By Lobsang Wangyal
McLEOD GANJ, India, 11 June 2019
Tibetans in Tibet are in a dire situation under Chinese occupation, with more than 150 Tibetans having set themselves on fire calling for freedom, said the President of the Tibetan Youth Congress as he opened the 17th General Body Meeting.
About 150 members from 45 regional chapters of the Tibetan Youth Congress have congregated in Dharamshala, the capital of the Tibetans-in-exile, to attend their six-day discourse and to elect new executive members.
Members attending the meeting are mostly from India, with some from the US, Europe, Australia, Nepal, and Taiwan.
President Tenzing Jigme said that there is rapid economic and military development in China in recent times, but that these have no meaning unless matched by freedom for the people.
“Because of the lack of freedom, people will rise up to overthrow the Communist government. Tibetans will then have the chance to get back their lost country.”
Setting the scene for future TYC actions, Jigme said that Tibetans are headed for a major challenge in the coming years as the Dalai Lama ages. “We need to be realistic and talk about the post-Dalai Lama scenario.”
He said that the meeting should be used to strategise how to strengthen TYC’s activism to regain Tibetan independence. “Independence is our right. We are the rightful owners of Tibet. Irrespective of how strong China is we must continue to fight for our rights.”
Calling for unity among Tibetans and within the organisation, Jigme said, “We are not opposed to other policies such as the ‘Middle-way approach’. We have only respect for the Middle-way approach, as it is also about resolving the Tibetan issue.”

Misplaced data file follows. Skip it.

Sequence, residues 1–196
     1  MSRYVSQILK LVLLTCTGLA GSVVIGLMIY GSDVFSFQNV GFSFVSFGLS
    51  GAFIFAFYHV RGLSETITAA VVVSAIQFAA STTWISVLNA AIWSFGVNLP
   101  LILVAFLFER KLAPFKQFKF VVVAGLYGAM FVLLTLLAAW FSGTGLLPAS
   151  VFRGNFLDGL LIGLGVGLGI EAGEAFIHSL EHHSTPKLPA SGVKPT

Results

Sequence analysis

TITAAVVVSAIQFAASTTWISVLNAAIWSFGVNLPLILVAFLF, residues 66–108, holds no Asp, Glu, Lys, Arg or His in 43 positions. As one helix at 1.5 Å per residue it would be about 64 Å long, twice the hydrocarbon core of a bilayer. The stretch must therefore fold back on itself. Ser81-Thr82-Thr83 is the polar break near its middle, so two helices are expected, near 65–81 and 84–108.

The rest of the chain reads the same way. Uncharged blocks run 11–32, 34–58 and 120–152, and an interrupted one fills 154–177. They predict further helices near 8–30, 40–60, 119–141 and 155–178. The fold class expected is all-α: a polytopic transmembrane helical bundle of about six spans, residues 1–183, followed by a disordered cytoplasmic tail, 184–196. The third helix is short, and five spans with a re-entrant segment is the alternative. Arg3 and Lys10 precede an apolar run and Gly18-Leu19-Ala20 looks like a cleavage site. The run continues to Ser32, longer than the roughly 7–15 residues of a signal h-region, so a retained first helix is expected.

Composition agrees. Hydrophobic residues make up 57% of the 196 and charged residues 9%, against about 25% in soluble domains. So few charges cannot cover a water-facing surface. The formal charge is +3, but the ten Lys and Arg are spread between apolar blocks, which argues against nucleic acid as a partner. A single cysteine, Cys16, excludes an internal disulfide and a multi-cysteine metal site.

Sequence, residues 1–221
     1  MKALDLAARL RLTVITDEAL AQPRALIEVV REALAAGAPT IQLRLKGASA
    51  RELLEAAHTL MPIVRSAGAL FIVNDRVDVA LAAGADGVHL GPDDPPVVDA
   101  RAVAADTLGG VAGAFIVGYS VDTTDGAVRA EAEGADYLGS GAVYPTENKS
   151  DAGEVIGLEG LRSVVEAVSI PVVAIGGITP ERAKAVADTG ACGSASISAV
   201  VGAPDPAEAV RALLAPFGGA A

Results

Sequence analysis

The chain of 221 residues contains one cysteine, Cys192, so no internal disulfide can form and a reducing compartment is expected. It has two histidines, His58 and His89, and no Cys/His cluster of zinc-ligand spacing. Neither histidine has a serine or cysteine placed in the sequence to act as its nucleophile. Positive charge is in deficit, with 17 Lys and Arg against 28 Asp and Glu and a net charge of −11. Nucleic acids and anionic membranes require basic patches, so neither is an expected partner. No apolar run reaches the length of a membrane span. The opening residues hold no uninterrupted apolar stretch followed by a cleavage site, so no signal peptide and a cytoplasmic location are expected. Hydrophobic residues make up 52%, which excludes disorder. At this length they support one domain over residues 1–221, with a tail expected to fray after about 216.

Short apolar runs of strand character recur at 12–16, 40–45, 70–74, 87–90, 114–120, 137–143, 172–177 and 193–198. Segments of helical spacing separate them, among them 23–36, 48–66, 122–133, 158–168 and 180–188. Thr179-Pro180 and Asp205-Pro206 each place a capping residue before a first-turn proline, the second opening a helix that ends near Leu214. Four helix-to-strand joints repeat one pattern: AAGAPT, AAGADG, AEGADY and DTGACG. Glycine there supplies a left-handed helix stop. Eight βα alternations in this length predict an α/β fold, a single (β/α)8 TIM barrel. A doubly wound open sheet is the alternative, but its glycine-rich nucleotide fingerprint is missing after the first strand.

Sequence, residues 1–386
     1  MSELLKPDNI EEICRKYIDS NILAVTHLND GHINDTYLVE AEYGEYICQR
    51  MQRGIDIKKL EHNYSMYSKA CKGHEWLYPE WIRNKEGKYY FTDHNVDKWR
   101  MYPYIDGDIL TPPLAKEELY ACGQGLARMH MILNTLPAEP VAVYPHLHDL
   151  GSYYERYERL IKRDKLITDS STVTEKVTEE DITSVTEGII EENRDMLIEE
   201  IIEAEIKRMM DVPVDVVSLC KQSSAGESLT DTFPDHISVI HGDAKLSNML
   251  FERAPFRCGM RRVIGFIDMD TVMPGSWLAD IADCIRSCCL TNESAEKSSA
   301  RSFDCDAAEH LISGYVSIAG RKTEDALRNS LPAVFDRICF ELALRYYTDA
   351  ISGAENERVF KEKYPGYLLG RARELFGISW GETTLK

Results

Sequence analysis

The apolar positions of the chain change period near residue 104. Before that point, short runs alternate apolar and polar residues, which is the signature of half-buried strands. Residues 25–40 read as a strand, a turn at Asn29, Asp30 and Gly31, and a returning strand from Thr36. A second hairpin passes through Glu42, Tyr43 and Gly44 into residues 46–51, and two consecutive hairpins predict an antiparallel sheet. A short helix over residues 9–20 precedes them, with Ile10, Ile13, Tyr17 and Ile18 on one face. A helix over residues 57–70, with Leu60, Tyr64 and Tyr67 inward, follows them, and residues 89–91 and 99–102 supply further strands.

The Tibetan Youth Congress is by far the largest Tibetan organisation in exile. Unlike the Central Tibetan Administration, the official representative of the Tibetans in exile, Independence is their goal.
The organisation will celebrate its 50th founding day next year.
In the last few years, the organisation saw internal conflict after some regional chapters called for TYC to adopt the ‘Middle-way approach’ that seeks autonomy for Tibet as the goal. Since then, eight chapters left the organisation, but two later rejoined.
“I hope the six other chapters would make a sensible decision to rejoin for the 50th anniversary next year. This will send a strong message to China.”
Ajai Singh Mankotia, President of the Indo-Tibetan Friendship Association, was the chief guest. Wishing well and success for the meeting he said, “Deep inside China wish for respect from others, but the way they bully others cannot bring them respect.”
Promotion of Tibetan culture, awareness about democracy, and education on health within Tibetan society will be some other issues the TYC members will discuss.